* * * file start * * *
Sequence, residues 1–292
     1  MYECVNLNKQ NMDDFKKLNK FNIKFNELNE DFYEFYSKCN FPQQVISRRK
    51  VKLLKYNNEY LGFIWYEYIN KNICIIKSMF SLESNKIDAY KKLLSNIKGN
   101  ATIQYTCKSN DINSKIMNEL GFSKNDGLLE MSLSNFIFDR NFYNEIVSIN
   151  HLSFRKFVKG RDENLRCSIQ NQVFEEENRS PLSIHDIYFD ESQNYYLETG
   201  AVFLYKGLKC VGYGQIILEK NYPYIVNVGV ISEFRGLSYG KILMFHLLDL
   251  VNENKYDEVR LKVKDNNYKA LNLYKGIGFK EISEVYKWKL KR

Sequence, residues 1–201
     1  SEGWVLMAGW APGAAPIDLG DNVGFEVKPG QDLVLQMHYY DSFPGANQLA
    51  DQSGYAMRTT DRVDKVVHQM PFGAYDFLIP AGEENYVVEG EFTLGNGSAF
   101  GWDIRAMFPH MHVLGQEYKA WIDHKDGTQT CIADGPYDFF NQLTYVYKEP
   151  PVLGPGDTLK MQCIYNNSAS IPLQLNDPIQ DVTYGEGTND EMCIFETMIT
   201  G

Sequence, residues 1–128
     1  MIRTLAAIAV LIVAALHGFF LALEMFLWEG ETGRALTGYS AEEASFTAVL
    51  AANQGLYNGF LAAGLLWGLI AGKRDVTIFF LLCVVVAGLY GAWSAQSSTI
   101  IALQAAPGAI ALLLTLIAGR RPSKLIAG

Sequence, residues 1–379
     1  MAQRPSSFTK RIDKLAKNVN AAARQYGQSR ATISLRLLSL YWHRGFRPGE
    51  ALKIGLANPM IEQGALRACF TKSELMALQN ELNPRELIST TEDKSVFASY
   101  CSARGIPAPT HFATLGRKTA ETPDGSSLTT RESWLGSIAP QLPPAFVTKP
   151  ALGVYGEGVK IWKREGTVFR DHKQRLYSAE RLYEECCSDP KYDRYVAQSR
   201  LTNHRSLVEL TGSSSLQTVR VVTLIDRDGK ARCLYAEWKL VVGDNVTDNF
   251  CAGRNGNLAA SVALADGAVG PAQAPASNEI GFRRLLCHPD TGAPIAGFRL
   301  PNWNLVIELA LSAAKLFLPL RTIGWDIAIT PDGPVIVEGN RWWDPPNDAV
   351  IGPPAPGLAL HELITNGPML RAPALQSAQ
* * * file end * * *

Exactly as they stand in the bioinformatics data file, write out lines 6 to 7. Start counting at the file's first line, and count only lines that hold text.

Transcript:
   201  AVFLYKGLKC VGYGQIILEK NYPYIVNVGV ISEFRGLSYG KILMFHLLDL
   251  VNENKYDEVR LKVKDNNYKA LNLYKGIGFK EISEVYKWKL KR